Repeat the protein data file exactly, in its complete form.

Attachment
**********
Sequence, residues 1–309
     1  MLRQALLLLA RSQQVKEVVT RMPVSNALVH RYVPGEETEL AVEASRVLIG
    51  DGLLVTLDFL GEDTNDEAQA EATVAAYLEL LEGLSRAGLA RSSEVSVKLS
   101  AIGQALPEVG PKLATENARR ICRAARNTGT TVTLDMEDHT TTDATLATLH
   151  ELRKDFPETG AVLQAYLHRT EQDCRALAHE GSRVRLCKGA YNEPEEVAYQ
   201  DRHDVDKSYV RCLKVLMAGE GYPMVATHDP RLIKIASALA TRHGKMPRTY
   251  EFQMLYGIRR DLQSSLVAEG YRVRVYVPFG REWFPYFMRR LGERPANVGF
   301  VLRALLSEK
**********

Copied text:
Sequence, residues 1–309
     1  MLRQALLLLA RSQQVKEVVT RMPVSNALVH RYVPGEETEL AVEASRVLIG
    51  DGLLVTLDFL GEDTNDEAQA EATVAAYLEL LEGLSRAGLA RSSEVSVKLS
   101  AIGQALPEVG PKLATENARR ICRAARNTGT TVTLDMEDHT TTDATLATLH
   151  ELRKDFPETG AVLQAYLHRT EQDCRALAHE GSRVRLCKGA YNEPEEVAYQ
   201  DRHDVDKSYV RCLKVLMAGE GYPMVATHDP RLIKIASALA TRHGKMPRTY
   251  EFQMLYGIRR DLQSSLVAEG YRVRVYVPFG REWFPYFMRR LGERPANVGF
   301  VLRALLSEK